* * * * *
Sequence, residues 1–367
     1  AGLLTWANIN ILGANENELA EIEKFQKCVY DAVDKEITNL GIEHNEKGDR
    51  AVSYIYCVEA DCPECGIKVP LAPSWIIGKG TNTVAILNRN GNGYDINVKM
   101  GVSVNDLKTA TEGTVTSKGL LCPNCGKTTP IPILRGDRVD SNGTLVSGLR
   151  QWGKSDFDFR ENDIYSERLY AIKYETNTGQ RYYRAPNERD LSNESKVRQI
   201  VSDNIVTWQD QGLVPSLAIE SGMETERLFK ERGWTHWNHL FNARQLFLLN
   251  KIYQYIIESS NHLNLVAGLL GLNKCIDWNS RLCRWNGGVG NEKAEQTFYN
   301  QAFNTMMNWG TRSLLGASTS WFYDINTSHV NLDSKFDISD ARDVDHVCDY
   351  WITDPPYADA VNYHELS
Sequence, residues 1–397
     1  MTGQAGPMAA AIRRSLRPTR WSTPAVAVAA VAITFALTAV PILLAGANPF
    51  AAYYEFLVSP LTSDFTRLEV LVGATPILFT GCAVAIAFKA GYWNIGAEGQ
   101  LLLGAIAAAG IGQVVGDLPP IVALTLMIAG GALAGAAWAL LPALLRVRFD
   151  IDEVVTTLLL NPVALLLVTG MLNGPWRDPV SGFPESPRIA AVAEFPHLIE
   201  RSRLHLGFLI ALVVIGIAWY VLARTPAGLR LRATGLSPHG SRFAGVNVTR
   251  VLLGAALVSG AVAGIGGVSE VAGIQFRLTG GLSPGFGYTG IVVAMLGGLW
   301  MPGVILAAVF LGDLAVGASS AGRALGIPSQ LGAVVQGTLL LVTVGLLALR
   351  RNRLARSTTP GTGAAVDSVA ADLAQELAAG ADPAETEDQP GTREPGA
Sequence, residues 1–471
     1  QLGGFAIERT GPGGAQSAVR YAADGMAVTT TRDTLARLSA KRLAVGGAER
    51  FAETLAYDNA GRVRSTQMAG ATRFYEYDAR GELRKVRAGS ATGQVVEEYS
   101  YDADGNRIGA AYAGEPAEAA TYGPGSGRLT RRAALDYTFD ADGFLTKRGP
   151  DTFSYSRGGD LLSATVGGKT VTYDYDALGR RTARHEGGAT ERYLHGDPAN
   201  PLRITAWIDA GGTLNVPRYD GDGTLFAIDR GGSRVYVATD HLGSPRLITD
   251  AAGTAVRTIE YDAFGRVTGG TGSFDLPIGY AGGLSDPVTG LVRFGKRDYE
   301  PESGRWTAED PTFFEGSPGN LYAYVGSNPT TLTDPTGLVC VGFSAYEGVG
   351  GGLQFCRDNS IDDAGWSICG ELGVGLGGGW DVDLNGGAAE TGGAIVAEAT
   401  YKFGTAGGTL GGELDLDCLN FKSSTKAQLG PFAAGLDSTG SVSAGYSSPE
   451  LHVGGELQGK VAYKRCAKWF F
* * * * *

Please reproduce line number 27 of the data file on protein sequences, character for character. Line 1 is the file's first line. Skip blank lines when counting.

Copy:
   351  GGLQFCRDNS IDDAGWSICG ELGVGLGGGW DVDLNGGAAE TGGAIVAEAT